http://hsperson.com/ (The Highly Sensitive Person –)

    I'm an HSP, INFJ and a full-time kin-carer so I'm pretty much a hermit too. Don't mind it much since I've always been an outsider. My freak flag has been flying so long the elements have destroyed it and only an empty pole remains.

    Here's the thing, how can you heal yourself by becoming less of yourself?

    Hasn't society, civilisation and culture done enough to completely alienate us from our true selves?

    You heal from TMS when you pack all those self-imposed culturally play-nice bullshits into a package and return-it-to-sender.

    If you keep pretending to be someone that you aren't TMS has no reason to leave. It is purely a distraction from the discomfort of being free and natural vs being a good-player-of-the-game-of-life. At some point you realise this is self-generated conflict because there is no either/or. The gig is to nurture the courage, love and vulnerability to be yourself with grace, ease and joy and play the goddam game by your own rules.

    Not perfect. Just you. It is enough.


    Plum x
    (who is quite possibly emerging from a mini-hiatus).
  5. mike2014

    mike2014 Beloved Grand Eagle

    Welcome back, Plum. I'm glad you are in a better space.

    Your words are as beautiful and as kind as ever. Now, if only there was a way to package your words and make them available as a pill. They soathe and heal so many.

    Thank you for always providing thoughtful and heartwarming post.

    I can speak for myself and countless others, we are blessed to know you.
  6. Fernando

    Fernando Peer Supporter

    This paragraph is just superb!!
  7. plum

    plum Beloved Grand Eagle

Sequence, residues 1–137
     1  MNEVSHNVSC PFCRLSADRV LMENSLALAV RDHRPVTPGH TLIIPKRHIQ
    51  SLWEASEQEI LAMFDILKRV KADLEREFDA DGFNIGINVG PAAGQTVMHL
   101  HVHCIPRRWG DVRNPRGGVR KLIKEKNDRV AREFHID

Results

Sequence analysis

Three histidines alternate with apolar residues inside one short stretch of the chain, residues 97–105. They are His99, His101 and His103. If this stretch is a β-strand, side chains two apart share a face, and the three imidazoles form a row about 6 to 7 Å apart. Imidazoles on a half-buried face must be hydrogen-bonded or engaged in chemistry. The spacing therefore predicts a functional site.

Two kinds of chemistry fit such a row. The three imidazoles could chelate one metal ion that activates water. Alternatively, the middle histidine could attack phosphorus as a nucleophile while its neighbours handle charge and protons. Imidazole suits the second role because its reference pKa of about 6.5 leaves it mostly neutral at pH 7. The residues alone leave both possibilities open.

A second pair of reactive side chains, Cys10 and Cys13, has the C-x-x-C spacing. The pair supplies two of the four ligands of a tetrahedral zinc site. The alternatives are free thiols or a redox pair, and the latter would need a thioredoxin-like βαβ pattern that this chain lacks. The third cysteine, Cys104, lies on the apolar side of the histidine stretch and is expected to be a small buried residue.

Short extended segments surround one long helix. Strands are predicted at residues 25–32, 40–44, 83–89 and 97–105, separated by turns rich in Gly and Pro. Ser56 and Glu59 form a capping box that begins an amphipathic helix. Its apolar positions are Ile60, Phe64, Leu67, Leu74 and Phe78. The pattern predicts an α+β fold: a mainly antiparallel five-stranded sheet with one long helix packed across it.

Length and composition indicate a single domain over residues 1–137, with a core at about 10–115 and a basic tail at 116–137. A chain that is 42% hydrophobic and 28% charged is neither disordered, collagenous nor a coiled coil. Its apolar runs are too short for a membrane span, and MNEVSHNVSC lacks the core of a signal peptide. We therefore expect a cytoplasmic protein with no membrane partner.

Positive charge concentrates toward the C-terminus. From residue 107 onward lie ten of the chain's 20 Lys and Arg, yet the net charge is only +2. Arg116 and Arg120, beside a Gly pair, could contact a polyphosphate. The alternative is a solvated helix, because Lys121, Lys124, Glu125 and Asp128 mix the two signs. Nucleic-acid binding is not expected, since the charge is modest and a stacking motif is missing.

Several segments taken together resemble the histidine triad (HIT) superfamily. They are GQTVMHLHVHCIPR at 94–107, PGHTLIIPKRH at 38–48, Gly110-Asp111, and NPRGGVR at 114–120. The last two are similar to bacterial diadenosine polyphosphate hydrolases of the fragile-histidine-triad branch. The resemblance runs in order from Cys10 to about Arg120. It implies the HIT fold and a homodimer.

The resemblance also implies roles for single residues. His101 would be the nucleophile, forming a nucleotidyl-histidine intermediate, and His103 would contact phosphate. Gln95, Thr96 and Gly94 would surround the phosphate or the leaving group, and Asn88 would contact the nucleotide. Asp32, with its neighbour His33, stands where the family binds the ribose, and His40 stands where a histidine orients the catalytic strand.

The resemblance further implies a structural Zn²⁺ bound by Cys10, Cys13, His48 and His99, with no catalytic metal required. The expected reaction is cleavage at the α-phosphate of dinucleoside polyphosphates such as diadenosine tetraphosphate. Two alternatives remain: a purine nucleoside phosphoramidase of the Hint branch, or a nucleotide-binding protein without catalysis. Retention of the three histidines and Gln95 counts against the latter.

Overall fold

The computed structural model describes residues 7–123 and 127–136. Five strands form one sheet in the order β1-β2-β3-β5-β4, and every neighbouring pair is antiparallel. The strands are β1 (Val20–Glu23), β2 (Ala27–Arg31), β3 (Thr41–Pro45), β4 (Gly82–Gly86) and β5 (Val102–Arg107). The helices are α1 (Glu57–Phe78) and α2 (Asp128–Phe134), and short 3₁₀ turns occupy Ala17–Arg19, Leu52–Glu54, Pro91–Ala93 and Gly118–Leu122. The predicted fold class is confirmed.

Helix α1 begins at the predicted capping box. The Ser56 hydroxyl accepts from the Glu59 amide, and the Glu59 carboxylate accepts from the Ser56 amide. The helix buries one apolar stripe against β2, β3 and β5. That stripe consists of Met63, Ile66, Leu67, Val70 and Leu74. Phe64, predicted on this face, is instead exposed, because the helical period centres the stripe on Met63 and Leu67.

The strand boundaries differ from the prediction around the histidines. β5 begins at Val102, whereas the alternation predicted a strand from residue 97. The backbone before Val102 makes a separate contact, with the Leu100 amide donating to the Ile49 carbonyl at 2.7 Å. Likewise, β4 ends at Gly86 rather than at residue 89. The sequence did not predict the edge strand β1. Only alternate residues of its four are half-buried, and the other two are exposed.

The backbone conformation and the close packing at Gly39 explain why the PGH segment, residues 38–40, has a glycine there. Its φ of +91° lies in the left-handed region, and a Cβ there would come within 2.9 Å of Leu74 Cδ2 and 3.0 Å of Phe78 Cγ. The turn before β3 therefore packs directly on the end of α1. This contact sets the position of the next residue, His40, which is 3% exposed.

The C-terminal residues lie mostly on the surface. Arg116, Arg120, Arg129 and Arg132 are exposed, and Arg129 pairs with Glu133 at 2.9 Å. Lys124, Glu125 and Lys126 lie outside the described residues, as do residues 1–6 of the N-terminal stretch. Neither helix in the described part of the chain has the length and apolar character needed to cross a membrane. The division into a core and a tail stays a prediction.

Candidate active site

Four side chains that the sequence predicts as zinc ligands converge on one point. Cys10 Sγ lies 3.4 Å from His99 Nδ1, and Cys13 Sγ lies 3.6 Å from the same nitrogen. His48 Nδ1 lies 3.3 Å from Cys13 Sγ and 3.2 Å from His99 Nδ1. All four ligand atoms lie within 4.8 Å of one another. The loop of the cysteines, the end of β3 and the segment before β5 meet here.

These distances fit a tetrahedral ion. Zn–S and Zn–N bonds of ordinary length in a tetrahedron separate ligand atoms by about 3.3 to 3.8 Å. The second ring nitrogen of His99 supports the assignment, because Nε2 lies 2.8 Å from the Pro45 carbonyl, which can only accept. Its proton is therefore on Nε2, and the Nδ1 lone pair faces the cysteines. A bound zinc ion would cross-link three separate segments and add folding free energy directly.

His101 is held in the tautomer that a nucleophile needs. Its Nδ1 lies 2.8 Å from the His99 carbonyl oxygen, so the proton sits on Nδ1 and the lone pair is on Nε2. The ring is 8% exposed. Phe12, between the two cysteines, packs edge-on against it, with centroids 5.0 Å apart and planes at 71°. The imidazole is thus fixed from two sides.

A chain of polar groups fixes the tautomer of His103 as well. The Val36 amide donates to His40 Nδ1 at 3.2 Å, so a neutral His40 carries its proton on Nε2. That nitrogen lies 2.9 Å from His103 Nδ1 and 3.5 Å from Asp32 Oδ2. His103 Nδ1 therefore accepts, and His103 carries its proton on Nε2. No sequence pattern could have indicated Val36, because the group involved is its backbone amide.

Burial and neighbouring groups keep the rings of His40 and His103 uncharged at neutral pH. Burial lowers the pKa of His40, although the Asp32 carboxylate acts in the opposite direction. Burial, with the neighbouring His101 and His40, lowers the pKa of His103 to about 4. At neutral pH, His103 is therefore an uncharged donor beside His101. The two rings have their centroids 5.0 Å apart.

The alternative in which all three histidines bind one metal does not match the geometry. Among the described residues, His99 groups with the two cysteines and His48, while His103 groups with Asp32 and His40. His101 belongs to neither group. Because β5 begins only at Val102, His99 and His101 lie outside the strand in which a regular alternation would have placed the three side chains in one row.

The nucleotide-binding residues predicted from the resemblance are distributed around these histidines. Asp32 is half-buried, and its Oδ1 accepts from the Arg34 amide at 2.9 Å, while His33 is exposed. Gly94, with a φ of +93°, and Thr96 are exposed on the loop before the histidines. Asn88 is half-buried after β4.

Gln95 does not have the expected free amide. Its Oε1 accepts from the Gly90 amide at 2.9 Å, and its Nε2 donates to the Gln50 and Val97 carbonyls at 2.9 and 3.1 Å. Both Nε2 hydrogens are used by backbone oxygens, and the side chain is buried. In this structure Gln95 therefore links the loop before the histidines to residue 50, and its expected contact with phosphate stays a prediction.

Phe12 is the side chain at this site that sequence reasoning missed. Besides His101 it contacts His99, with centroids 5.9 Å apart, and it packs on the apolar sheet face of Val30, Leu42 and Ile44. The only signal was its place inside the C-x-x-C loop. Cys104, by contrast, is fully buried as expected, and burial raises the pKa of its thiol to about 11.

I'm indebted to you Mike. You have been golden in helping and supporting me of late. I am blessed to count you as a dear friend.

    May God Bless this forum and the friendships it births.
    MWsunin12 and mike2014 like this.
  8. Ellen

    Ellen Beloved Grand Eagle

    Amen, Brother Mike! A "Plum Pill"--now that would be a truly, wonderful thing.
    Lunarlass66, mike2014 and plum like this.
  9. Homestead Hermit

    Homestead Hermit Peer Supporter

    As everyone else commented, Plum, your words are spot on :) Tears sprung to my eyes when I read this because I'm realizing it's SO true...Although I've realized logically how I try to be like others, am working toward simply being myself, it still hasn't sunk into the subconscious even though on the surface I am feeling better about myself. The wonderful thing about these forums is reading things that resonate lets it sink in a little deeper and heal TMS a little more :)

    Thanks to everyone and their supportive words and posting helpful links...I will check them all out :)

    P.S. I think I will print out Plum's message and post it on my fridge...so perfect!
    mike2014 and plum like this.
  10. Lunarlass66

    Lunarlass66 Well known member

    Holy cow Plum, have you been MISSED!! Glad to see you back... Sending you love,
    mike2014 and plum like this.
  11. Jules

    Jules Well known member